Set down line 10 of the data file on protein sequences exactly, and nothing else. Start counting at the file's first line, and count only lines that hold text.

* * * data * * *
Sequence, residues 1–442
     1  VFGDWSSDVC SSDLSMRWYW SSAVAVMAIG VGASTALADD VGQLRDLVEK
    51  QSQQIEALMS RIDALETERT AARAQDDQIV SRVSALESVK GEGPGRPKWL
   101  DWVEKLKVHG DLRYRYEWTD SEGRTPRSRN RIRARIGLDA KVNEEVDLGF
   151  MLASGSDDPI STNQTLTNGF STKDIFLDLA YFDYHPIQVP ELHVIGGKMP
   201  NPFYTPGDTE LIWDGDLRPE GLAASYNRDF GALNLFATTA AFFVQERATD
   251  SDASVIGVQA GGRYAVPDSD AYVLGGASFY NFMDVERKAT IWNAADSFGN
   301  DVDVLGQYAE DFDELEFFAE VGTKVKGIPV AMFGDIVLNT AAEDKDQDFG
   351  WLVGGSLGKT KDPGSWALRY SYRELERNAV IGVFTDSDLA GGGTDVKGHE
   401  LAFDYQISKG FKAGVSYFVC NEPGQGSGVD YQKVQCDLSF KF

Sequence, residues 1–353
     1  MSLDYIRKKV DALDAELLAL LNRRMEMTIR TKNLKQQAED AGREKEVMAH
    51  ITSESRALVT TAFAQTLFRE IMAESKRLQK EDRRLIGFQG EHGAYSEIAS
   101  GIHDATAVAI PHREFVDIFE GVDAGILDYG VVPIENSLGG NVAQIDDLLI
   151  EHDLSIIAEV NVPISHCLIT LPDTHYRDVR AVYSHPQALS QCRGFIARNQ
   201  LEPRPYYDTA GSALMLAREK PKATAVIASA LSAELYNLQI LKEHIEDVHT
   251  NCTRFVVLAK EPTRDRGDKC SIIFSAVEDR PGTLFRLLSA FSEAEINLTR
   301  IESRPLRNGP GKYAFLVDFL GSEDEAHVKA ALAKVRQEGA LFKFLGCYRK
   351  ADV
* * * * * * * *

   401  LAFDYQISKG FKAGVSYFVC NEPGQGSGVD YQKVQCDLSF KF